TP: Handy padding in a pinch

 

 
 
 

Thom Dick | From the July 2008 Issue | Thursday, July 31, 2008


It’s been 28 years since you first turned to this column, Life-Saver, and read about the use of a stethoscope to tamponade the external neck veins to start an IV.

Writing “Tricks” for you has been nothing but fun since then, considering some of the stuff we’ve slid past those JEMS editors. Trust me, they’ve been lookin’ at us funny for years.

But this column is called Tricks of the Trade because it’s all about adapting simple stuff to address complex problems. I can’t even remember how many times we’ve talked about things you can do with sheets and blankets, or ordinary rolls of tape. So, until somebody starts putting trailer hitches on ambulances, tricks will have a place in our medicine.

I don’t know who conceived the notion of putting people on boards, but the dimensions of the earliest boards had nothing to do with the sizes of people. Instead, they were 15- 7/8" wide—so you could get three of them out of a single sheet of plywood. Those boards didn’t accommodate anything else about people, either.

My first EMT class was in 1971. That’s when my peeps and I first heard about folks on the right coast putting people on boards instead of canvas stretchers (also called breakdowns). We thought they were goofy. People just weren’t going to lie still on a board.

Actually, patients were surprisingly tolerant. They put up with a lot worse from us, too. In turn, working with emergency department staffs, we’ve since learned to get patients off those hard surfaces a lot faster than we used to. And numerous manufacturers came up with ways for us to keep them just a little more comfortable in the meantime.

But there are some people whose bodies simply won’t lie on a board; little old people, with their kyphotic curves and other arthritic kinks, often don’t have their spaces in all the right places. Try forcing somebody like that to lie on a flat surface, and you just add to their troubles.

Unless, of course, you make some accommodations.

You can do that with towels, but, you’ll lose ‘em at the receiving facility—which may not be your home base. Fortunately, one of the most elegant tools of all happens to be available in most places where you find sick people.

It’s a plain old roll of toilet paper. There are different kinds of toilet paper. Most of it’s cheap and ordinary, you know. The fancier, more expensive stuff is quilted, embossed or even cushy-soft—to accommodate the needs of people who graduate from Yale, ignore speed limits and park their Bentleys in Brentwood. (See, they’re special.)

You’ve probably seen the dinnertime TV commercials with those idiotic bear cartoons and wondered what bears have to do with toilet paper. Truth is, human anatomy is human anatomy, and all toilet paper is eventually doomed to address the same basic challenge.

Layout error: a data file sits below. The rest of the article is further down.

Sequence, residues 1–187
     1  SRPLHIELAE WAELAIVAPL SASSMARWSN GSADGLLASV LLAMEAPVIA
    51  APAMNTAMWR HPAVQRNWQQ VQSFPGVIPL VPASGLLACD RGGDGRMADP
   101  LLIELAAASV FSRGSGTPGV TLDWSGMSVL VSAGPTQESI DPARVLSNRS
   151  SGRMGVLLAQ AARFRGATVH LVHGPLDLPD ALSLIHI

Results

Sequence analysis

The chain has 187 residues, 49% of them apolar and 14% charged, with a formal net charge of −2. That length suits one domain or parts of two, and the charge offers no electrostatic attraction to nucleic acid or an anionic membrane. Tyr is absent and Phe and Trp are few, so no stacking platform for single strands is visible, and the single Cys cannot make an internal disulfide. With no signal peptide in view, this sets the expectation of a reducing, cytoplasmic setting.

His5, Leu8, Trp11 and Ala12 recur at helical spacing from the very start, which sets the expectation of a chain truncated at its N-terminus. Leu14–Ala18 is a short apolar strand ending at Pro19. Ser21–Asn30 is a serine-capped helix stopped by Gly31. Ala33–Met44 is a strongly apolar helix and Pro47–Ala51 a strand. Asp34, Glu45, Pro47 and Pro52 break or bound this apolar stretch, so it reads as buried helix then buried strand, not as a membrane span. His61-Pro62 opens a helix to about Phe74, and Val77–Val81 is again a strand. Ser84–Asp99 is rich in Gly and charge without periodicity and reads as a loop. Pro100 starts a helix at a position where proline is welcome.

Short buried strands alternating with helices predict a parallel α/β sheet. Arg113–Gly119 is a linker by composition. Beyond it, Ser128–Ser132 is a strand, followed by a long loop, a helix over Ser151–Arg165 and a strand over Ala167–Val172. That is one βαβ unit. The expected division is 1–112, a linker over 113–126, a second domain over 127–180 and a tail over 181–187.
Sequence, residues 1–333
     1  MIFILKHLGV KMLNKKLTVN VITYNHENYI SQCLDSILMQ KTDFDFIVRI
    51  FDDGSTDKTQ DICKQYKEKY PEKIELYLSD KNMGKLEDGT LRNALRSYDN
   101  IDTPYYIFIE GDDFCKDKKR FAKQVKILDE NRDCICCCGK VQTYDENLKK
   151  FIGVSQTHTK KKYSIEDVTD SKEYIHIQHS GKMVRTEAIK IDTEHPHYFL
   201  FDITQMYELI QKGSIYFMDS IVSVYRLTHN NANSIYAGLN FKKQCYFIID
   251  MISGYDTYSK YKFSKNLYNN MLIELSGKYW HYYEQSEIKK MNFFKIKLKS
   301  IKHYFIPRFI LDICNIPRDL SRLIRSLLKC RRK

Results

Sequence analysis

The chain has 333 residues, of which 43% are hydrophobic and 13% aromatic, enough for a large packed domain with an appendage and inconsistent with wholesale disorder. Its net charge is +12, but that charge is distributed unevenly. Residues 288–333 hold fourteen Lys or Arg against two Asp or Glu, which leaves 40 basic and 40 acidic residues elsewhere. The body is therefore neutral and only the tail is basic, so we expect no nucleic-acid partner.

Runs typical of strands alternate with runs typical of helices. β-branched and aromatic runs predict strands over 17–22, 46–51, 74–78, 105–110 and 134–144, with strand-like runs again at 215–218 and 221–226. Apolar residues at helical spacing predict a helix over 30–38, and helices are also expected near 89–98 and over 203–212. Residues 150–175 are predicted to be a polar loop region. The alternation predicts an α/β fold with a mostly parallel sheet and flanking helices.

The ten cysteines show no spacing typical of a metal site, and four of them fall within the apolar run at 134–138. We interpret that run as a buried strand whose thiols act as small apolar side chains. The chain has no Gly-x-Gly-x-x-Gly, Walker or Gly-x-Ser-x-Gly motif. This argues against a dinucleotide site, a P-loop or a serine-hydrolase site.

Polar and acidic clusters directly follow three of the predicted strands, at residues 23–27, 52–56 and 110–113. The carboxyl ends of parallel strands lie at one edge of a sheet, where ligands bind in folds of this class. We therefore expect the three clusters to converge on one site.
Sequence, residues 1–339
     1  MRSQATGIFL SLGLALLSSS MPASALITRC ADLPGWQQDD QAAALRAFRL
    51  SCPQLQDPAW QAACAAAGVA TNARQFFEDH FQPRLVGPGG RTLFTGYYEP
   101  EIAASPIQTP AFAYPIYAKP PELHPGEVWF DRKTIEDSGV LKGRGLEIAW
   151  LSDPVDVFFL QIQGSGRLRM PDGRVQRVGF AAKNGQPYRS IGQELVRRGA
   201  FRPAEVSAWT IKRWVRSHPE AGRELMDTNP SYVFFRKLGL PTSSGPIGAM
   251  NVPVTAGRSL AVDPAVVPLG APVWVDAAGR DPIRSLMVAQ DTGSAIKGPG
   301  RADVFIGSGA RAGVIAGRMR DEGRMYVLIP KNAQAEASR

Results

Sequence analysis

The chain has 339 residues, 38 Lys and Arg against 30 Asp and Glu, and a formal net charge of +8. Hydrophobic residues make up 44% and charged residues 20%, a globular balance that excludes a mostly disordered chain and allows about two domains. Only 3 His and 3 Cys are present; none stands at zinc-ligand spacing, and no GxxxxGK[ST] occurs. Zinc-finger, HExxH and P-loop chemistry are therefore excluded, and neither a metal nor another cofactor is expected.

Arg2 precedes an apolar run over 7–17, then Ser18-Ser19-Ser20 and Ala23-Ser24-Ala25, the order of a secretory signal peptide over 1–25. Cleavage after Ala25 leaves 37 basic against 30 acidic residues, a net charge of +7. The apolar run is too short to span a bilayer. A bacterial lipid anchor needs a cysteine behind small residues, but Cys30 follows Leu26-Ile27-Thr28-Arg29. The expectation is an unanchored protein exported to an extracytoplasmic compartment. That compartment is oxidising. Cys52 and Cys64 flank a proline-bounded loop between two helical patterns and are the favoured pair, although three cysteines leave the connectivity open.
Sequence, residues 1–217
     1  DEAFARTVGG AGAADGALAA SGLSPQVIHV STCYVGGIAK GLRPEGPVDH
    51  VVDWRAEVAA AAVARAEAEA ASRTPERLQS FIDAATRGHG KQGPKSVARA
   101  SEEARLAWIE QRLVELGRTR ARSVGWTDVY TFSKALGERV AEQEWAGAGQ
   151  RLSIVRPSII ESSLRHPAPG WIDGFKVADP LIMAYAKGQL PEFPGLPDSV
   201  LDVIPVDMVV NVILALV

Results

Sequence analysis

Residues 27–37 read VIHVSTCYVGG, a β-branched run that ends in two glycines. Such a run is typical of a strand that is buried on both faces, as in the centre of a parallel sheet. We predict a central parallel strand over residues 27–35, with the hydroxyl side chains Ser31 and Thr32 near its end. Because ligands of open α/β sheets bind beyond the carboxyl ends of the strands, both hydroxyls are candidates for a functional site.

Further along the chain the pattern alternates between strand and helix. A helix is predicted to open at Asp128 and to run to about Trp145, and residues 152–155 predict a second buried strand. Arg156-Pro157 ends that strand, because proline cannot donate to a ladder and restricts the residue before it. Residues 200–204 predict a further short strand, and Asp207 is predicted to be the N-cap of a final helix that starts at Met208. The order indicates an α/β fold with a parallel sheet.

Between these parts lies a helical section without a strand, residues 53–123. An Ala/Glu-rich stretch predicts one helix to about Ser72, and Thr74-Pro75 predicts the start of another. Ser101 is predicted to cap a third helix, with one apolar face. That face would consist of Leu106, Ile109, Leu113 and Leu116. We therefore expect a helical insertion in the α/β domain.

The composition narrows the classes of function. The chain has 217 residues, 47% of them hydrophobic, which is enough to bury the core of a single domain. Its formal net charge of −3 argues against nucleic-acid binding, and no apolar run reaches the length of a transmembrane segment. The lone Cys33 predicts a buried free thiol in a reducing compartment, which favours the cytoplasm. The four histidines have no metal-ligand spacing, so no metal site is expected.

If you’ve read this column for even a short time, you know the best tools in the world are the ones that do more than just one thing—even things they were never designed for.

It turns out, toilet paper has that kind of versatility; it’s a great padding substance. You can squash a roll with your boot, then insert it beneath a patient’s head. It’s just about wide enough and firm enough to support the weight of the head, but it’s not too firm. And you can make it as thick or thin as you want it, just by unrolling some.

If you need to pad somebody’s knees, you can use two rolls (or a roll of paper towels, actually).

Need a bulky compress to control bleeding? Don’t have time to run out to the ambulance for compresses (which will need to be unwrapped before you can use them)?

Toilet paper is absorbent by design. It’s likely to be handy when and where you need it. And, once again, you can quickly size it to suit your needs.

If you find yourself in a public restroom, the toilet paper may not be removable. Instead, you might consider a stack of paper hand-towels, stowed in a wall dispenser, or, if the dispenser is empty, the patient’s shoes, stacked on top of one another. You’ll probably be examining their feet anyway, right? Tricky you. JEMS




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Related Topics: Patient Care, Patient Management, Jems Tricks of the Trade

 
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Thom Dick

has been involved in EMS for 43 years, 23 of them as a full-time EMT and paramedic in San Diego County. He's currently the quality care coordinator for Platte Valley Ambulance, a hospital-based 9-1-1 system in Brighton, Colo. Contact him at boxcar_414@comcast.net.

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